Really, the best part of Bojack Unbound is how it utilizes Gohan as a main character. His arc can feel a bit derivative of the end of the Cell Games, but he feels like the proper protagonist, a title he doesn’t hold onto long in the original series. The action is great, the visuals are mesmerizing at times, and Gohan’s big transformation is a nice reimagining of his original Super Saiyan 2 triggering.
9 Resurrection F
Resurrection F may be on the clunky side, but it doesn’t get nearly enough credit for what it is: a Dragon Ball movie with an actual theme. Instead of just tossing an enemy at the Z-fighters, Resurrection F focuses on the flaws and failings of our characters. Gohan refuses to train so he fails in stopping Freeza. Goku can’t keep his guard up so he ends up getting mortally wounded. Vegeta thinks too much while fighting and ends up giving Freeza the chance to destroy the Earth. Freeza is too impatient so he ends up challenging Goku and Vegeta before he can master his new form’s stamina. The film isn’t the most graceful with its CGI and its plot does lack in tension but, thematically, it remains one of the most complete entries in the franchise.
8 Wrath Of The Dragon
Wrath of the Dragon is the kind of movie that could have only worked at the end of the anime’s long run. It’s a quieter, more intimate film in its first half with plenty of character focus given to Trunks and Bulma while the second half gives us a straight up Kaiju movie. Tapion also stands out as one of the few movie exclusive characters to actually feel defined and properly utilized in the plot. Its one major drawback is Hirudegarn’s defeat but, even then, anyone familiar with the series should be able to expect a Goku centric finale and brush it aside. At its core, Wrath of the Dragon, is a journey of personal growth and confronting the past and it’s beautiful all the way to finish line.
7 The Dead Zone
The Garlic Jr. saga isn’t going to be topping anyone’s best of lists, but The Dead Zone definitely deserves to. While it can’t exactly fit into the series’ continuity, which is one of the biggest issues with the Garlic Jr. saga, it does feel appropriately early Dragon Ball Z with a mystical vibe that isn’t present all that often after the original Dragon Ball. What’s especially nice about this movie is how it tries to add new lore regarding Kami’s role in the series. Yes, he’ll just end up being a Namekian but him having to compete on a spiritual level to become the Guardian of Earth is an interesting alternative.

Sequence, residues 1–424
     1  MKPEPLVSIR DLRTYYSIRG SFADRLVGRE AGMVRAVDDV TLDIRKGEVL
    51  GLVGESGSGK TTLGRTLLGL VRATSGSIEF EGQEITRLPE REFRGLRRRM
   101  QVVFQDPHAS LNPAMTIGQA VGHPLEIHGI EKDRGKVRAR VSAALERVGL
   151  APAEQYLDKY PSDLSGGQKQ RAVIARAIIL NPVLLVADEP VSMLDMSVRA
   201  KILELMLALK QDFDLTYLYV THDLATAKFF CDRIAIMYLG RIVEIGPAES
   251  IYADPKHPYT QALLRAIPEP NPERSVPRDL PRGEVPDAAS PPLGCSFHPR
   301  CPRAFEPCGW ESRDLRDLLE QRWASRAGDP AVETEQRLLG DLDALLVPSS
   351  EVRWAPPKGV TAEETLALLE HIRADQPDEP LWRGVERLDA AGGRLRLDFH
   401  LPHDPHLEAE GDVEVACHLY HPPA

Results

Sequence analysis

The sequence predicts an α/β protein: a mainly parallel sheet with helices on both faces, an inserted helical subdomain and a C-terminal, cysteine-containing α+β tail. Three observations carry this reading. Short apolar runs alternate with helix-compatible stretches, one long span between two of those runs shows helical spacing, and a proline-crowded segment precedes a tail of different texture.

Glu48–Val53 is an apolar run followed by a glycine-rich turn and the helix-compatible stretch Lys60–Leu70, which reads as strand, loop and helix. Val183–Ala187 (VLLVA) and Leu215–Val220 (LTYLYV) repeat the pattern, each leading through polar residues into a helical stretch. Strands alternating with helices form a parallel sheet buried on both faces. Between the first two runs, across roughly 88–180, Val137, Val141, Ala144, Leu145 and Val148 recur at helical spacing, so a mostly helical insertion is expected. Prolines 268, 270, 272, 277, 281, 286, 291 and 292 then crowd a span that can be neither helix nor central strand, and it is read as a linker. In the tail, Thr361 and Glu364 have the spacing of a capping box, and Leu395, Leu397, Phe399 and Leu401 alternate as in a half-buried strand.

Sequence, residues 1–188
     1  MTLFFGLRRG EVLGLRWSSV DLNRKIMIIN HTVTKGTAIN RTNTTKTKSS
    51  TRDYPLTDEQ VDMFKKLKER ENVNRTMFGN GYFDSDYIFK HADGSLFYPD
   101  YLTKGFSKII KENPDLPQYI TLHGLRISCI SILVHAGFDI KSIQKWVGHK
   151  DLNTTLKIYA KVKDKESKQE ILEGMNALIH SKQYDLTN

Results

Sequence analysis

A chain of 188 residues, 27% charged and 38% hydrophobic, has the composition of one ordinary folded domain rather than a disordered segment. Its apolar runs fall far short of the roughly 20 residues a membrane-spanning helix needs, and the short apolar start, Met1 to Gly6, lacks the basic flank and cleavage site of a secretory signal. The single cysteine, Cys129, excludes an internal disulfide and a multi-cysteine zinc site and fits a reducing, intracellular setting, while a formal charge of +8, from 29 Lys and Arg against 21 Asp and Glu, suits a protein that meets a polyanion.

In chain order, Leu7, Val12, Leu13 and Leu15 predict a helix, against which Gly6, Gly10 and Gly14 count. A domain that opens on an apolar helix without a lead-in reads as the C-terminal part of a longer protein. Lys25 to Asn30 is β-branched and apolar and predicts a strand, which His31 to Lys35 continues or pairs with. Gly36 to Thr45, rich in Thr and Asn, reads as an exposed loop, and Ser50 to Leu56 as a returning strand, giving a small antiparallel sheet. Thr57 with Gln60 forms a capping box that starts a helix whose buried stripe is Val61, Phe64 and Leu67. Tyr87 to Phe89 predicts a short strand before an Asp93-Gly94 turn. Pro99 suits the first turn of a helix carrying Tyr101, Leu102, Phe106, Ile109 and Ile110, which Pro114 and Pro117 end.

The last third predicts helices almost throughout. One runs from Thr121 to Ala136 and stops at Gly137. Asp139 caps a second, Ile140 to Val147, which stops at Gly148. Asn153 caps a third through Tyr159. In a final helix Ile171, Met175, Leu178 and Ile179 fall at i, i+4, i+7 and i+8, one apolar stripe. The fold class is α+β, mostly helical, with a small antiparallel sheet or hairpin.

As unique as the premise is, though, the movie’s real strengths lie in the fight choreography. This is one of the few films in the franchise where Toei has perfectly captured Toriyama’s style of choreography. Fights are fast and smooth with little error, and attacks have appropriate weight behind them. The showdown between Goku and Piccolo, while short, captures a distinct early series feel and leaves a last impression. Who knew Garlic Jr. worked so well in a vacuum?
6 Yo! Son Goku And His Friends Return!!
Yo! Son Goku and His Friends Return!! was a 2008 anime special that aired during that year’s Jump Super Anime Tour. It’s not unusual to see this special referenced as the JSAT special. There is, however, a good chance you’ve never heard of this special. It never released in the West so your only real chance of watching it is to find a fansub. It’s a shame, honestly, Yo! Son Goku and His Friends Return!! is a love letter to the series that deserves acknowledgement.